• Execute below step to bootstrap AWS CDK if it was never set up in your AWS account.
    • cdk bootstrap
  • Deploy the solution resources with AWS CDK.
    • cdk deploy

After deploying the solution, within a few minutes you will notice user identification tags such as “Created by” and “IAM Role name” are applied to the resources.

Extending the Solution for other AWS Services

This demo solution covers the auto-resource tagging of Amazon EC2, S3 bucket, Lambda and Amazon ECS based on the mapping information stored in a mapping file in an S3 bucket. To extend this solution for other AWS services, update the mapping file with additional resource types and its corresponding CloudTrail creation Event Name, Event Source and Resource Explorer resource type value. Note that AWS Identity and Access Management (IAM) permissions required to add tagging to additional resource types need to be added to the AWS Lambda execution policy.

Following is an example of steps to take to add Amazon API Gateway resource creation tagging:

1. Identify CloudTrail Event Name and CloudTrail Event Source for API Gateway REST API creation and Resource Explorer resource type for API Gateway REST API query. This information will be required for updating the mapping file in step 2 and step 3. For Amazon API Gateway, the creation event name for CloudTrail is “CreateRestApi”, the event source is “” and the Resource Explorer Resource Type is “apigateway:restapis”.

2. Go to the Amazon S3 console and open the S3 bucket name starting with “resourceautotagcdkstack-resourceautotagbucket”. It contains a JSON file named “json”.

3. Update the JSON file by adding the following JSON structure with values identified in step 1 and upload to the bucket. Note, the Global property only applies to resources that are globally unique (such as, S3 bucket). Properties starting with “CT” refer to CloudTrail properties and “RE” refers to Resource Explorer properties.

"CTEventName": "CreateRestApi",
"CTEventSource": "",
"REResourceType": "apigateway:restapis",
"Global": false

4. Go to the IAM console. Click Roles in the left-hand navigation and search for the IAM role for Lambda execution created from the AWS CDK deployment, which has a name starting with ResourceAutoTagCdkStack-.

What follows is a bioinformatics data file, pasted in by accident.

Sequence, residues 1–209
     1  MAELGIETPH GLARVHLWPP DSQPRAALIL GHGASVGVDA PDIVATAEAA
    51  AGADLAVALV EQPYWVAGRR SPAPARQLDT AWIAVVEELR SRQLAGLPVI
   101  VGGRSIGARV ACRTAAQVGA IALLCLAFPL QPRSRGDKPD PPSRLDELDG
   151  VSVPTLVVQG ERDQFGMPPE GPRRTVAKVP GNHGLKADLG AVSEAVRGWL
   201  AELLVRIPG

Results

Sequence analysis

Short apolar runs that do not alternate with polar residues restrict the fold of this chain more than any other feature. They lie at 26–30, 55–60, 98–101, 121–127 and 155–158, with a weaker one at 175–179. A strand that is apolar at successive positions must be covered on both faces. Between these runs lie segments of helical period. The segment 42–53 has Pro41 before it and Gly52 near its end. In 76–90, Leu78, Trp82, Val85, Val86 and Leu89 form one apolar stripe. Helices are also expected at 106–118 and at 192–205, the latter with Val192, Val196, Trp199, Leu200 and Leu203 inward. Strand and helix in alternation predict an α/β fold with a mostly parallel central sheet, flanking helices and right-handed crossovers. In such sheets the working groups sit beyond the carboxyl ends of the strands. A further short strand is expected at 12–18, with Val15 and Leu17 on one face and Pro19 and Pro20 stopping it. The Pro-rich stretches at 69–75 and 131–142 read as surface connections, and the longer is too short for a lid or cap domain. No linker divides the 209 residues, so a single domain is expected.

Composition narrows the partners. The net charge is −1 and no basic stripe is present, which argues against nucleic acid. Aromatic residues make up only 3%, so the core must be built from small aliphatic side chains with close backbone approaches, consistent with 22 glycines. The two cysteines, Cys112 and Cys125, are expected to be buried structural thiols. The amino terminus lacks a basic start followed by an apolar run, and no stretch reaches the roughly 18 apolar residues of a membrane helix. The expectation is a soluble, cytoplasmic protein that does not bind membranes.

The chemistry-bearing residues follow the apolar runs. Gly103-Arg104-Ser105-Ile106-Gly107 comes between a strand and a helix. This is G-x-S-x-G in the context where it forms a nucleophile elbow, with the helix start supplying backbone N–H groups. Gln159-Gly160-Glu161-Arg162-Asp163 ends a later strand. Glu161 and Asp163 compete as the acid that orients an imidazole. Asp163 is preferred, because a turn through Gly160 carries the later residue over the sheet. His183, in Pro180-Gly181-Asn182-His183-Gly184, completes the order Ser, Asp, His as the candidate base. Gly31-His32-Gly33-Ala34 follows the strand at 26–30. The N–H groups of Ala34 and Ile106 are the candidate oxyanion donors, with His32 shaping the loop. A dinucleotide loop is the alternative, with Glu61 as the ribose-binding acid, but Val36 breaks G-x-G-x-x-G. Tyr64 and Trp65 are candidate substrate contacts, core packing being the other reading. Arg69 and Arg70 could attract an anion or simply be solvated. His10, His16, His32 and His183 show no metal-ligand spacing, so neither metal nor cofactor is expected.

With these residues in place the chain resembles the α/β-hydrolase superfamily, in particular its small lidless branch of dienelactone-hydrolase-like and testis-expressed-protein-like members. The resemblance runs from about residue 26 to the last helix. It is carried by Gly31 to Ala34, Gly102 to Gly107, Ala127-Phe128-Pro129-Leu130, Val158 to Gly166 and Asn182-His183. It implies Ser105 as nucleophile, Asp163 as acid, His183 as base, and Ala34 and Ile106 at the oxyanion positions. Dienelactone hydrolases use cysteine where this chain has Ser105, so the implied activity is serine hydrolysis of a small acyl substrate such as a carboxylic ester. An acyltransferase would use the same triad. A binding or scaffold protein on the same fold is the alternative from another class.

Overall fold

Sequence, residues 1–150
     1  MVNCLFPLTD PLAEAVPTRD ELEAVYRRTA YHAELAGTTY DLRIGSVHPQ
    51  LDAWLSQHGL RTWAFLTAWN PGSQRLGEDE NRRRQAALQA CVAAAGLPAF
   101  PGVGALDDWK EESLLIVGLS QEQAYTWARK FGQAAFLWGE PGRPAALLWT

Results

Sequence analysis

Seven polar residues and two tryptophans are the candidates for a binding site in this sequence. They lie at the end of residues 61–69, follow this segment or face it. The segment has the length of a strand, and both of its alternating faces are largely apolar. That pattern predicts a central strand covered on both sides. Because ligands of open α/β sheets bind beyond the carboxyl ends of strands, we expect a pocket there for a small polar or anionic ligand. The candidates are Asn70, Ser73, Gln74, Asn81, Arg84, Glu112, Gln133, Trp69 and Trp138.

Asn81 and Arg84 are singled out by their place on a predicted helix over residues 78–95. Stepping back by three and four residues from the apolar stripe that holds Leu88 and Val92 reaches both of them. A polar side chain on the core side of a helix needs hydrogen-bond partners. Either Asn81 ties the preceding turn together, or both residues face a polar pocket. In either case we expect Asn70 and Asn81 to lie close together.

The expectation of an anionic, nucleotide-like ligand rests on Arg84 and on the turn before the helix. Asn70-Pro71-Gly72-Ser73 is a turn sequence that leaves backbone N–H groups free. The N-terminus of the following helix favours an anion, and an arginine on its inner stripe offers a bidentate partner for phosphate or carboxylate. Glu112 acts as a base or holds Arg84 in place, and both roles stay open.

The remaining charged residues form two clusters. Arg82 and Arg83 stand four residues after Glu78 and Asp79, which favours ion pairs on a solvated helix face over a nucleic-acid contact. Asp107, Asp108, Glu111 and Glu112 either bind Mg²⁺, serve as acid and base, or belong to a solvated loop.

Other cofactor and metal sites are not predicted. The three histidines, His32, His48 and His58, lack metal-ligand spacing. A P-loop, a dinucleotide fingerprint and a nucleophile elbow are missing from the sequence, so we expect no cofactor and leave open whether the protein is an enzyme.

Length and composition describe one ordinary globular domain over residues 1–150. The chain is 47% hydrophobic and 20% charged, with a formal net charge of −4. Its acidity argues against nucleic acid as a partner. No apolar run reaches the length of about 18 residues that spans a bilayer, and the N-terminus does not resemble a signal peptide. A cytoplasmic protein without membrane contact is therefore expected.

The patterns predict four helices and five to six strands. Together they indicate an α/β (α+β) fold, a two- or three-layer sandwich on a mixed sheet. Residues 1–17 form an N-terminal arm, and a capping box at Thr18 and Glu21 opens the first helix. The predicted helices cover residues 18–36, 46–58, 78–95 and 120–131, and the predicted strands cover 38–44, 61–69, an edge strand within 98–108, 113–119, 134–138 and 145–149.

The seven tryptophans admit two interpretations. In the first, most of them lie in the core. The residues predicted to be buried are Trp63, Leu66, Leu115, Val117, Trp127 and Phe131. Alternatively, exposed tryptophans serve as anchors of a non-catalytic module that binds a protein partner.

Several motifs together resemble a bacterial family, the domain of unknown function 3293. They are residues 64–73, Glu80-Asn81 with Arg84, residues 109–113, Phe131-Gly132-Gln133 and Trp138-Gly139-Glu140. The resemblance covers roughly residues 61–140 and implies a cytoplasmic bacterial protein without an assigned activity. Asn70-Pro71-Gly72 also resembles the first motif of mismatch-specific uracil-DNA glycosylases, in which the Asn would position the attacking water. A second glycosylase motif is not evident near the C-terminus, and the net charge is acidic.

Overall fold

5. Click on the role detail and click Policy then inlinePolicy. In the Edit policy screen add the IAM statement as shown in the following code block to allow the Lambda function to add tags to the REST API. Replace <region> with your deployment region.

"Sid": "ResourceAutoTaggerAPIGatewayTagging",
"Effect": "Allow",
"Action": ["apigateway:POST","apigateway:PUT","apigateway:PATCH"],
"Resource": "arn:aws:apigateway:<region>::/*/*"

Sample lambda function execution policy after adding permissions

Figure 2: Sample Lambda function execution policy after adding the permissions.

6. Click Next and Save Changes.


To avoid charges after you test the auto-tagging function, delete the AWD CDK stack by running the following command from root directory of cloned repository.

cdk destroy


AWS Resource Explorer has a limit of 10,000 search operations per month and can return a maximum of 1000 results per query. This allows for a maximum of 10,000,000 AWS resources to be tagged per account per month. Additionally, AWS resources can have a maximum of 50 tags per resource. This solution will be unable to add your specified tag to resources that already have 50 tags. The solution currently is limited to one AWS account and is not compatible to tag across multiple accounts.


In this blog, we demonstrated how AWS Resource Explorer and Amazon CloudTrail can be used in conjunction to automate resource tagging. This solution is an alternative method to apply required tags to AWS resources that is flexible, customizable and does not impact existing workloads. It does not rely on enabling service control policies and runs asynchronously in the background to ensure AWS resources are tagged.

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Further Reading

About the Authors

Nikhil Enmudi

Nikhil is a Sr. Solutions Architect at AWS and specializes in Serverless solutions. He works with global Independent Software Vendor (ISV) customers on their cloud journeys and helps them build solutions for their software offerings.

Yohan Supangat

Yohan is a Solutions Architect at AWS and specializes in Serverless solutions. He works with enterprise green field customers and helps them in adopting AWS technology and services to achieve their business objectives.